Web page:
“What can I say,” jokes Stevenson, as he sees me taking note of the spice rack. “I like garlic powder.”
We both chuckle. The shimmering evening sun glints off the porcelain saltshaker and casts a long shadow onto the linoleum. As I follow its path, his wife Stephanie appears in the kitchen doorway, an exasperated look on her face.
“You forgot to put the toilet seat down again,” she says, rolling her eyes and pulling her phone out of her back pocket. Stephanie is pretty. Her hair is saffron and flaxen, and she wears jeans also, and she has a wry smile.
Stephanie Stevenson is followed by a normal dog, who walks into the room with a slight limp, and Stephen pets it. He leans in.
“The Jews control all the money, and the world would be better off if they were dead,” he says, petting the dog. “Who’s a good boy?”
The question is rhetorical. I ask about the wallpaper.
Some people disagree with Stevenson’s political views.
“He’s a nice enough guy,” said the local grocer, Butch Tarmac, a registered Democrat. “He buys apples and pancake mix. I also like those things. But I guess we’ll have to agree to disagree on the bit about the one true race cleansing the soil and commanding what is rightfully theirs.”
“It’s totally fucked up,” said one person, whose name I didn’t catch.
Sometimes the Stevensons go to Applebee’s. There they like to order margaritas and onion rings and laugh about some of the paraphernalia on the walls.
“The World War II propaganda is just really far out,” laughs Stevenson. He does an impression of a hippie when he says “far out.” He has a full and radiant smile. I ask him if he had braces, and he says yes.
“Hitler gets a bad rap, but he was a pretty righteous dude,” he says, half addressing me, and half addressing his four wide-eyed children. We’re all crammed into the booth like a bunch of sardines. He tells me to only refer to him and his Nazi friends as “The Traditionalist Worker Party,” and I agree to do that.
I ask if the kids go to public school.
The Stevensons laugh.
“The schools are full of coloreds,” says Stephanie, smiling wryly. Her teeth shimmer in the reflected glow of the neon and the flaxen-colored nacho cheese. She is wearing a cotton-wool hoodie and her hair is in a hasty ponytail, spilling out in places like spaghetti in a full pot, in an attractive way. “I know I’m not supposed to say that, I know it’s not PC or whatever, but they are.”
She is wearing an armband with an embroidered swastika. It is available for purchase here. [Link redacted.]
I ask about the well-worn Aerosmith T-shirt peeking out through the open zipper of her hoodie. She says she has seen the band three times, and each time was “amazing.”
I press her on this. In my experience, the band declined since the late 1990s.
“They played ‘Dream On’ and ‘Walk This Way,’” she gushes.
Hadn’t she noticed that Steven Tyler’s vocal quality had significantly deteriorated over the past decade? Didn’t that matter at all?
“Those are her favorite songs!” says her husband. I worry I’m hitting a nerve. The first Aerosmith concert was where Stephen proposed to Stephanie, and the sentimental magnitude was clearly formative to their romantic bond.
He adds that the song “Dude (Looks Like a Lady)” is feminist deep-state mind control. He instructs his kids to do violence to any boys who appear feminine.
The Stevensons have two cars and they are both green.
In 1915, William Carlos Williams published a poem about dog waste. When industrial fertilizer replaced dung heaps, its spoils helped fund the spread of plastics. “Pastoral” shuns rural landscape in favor of a city scene, with an old man walking in the gutter. In Williams’s assessment, the man “gathering dog lime”—a euphemistic name for dog dung—does work “more majestic than / That of the episcopal minister.”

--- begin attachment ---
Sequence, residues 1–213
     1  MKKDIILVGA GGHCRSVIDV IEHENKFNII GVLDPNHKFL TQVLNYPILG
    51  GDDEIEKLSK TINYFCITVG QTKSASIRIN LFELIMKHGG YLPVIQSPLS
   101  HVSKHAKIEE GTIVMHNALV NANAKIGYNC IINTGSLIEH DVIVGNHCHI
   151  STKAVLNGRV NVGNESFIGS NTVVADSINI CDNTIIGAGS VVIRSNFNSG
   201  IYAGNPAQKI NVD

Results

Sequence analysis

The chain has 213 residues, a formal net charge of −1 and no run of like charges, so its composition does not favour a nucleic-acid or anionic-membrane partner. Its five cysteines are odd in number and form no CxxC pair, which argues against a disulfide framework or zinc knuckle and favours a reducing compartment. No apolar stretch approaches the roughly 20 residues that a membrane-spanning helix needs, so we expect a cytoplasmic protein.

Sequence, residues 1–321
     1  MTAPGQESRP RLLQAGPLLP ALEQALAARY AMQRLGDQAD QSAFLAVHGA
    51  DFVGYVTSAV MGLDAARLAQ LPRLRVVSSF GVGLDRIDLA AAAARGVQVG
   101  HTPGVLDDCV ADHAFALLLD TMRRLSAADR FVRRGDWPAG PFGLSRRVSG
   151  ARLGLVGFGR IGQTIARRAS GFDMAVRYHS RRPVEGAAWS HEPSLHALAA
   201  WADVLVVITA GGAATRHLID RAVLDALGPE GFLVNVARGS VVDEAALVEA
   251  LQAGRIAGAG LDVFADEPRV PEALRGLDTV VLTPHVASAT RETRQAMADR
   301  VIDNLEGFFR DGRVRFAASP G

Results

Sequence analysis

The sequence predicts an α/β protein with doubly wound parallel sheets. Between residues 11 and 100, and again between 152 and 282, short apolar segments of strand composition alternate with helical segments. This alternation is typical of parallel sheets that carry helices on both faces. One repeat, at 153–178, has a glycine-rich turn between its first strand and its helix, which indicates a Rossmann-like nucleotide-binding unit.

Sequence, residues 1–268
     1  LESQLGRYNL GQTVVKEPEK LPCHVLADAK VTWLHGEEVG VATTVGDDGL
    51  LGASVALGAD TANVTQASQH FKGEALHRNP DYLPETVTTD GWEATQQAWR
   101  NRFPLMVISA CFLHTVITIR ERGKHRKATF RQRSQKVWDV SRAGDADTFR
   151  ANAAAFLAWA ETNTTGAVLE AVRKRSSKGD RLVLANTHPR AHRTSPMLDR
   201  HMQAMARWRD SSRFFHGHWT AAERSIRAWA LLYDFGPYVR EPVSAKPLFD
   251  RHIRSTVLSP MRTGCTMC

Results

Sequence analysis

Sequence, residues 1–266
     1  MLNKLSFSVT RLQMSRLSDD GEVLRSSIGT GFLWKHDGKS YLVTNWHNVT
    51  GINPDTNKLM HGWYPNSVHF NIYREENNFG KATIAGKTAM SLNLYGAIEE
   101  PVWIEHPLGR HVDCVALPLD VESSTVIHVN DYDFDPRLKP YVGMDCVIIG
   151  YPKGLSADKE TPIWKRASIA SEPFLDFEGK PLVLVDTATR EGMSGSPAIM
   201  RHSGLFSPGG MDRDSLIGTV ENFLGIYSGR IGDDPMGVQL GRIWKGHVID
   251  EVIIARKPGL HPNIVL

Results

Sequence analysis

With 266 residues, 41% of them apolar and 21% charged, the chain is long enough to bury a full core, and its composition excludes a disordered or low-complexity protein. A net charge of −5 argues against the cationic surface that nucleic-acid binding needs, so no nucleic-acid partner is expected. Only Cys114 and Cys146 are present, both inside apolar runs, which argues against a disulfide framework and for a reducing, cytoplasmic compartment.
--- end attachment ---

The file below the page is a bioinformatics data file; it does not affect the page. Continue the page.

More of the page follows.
A 21st-century reader would likely find the man’s action unremarkable. Today, dog feces are understood to have dangerous levels of E. coli and salmonella, not to mention untold parasites. Therefore, they must be tucked away in plastic bags and deposited at the nearest poop station. Williams’s old man is significant for his dignity but not his occupation.
But it wasn’t always this way. Animal waste once provided a necessary ingredient for agriculture, especially at a local scale. When industrial methods of fertilization combined with germ theory, dung heaps became outmoded. Then the same chemical industries that synthesized fertilizer developed plastics, the materials now used in bags to clean up dog poop instead of recycling it.
* * *
Before Western societies built conduits to flush excrement into the waterways, it was piled into dung heaps for reuse. Even in the Middle Ages, the stuff was a source of valuable materials, even if a noxious one. For alchemists, dung heaps were a source of saltpeter and, for some, including the 12th-century master Morienus, they provided the first materials for fabricating the philosopher’s stone. In an era before the Bunsen burner, dung heaps provided chemical researchers with a source of constant, elevated temperatures. The complex preparations were placed in flasks and buried in piles of manure where they underwent “digestion”—a process of slow heating over many weeks, and one of the fundamental transformations in the alchemical tradition.
In the 19th century, physicians and public-health officials began to understand disease-transmission vectors with more precision, even though germ theory did not triumph until near the end of the century. Particularly in Western Europe, health reforms inspired large urban public works to deal with waste. Government officials inventoried communities, especially where there were concentrations of urban poor. Not surprisingly, they found huge piles of garbage, including human and animal waste, in the streets.
Edwin Chadwick’s 1842 “Report on the Sanitary Condition of the Laboring Population and on the Means of its Improvement” describes the era’s conflicting excremental economies with shock and disdain: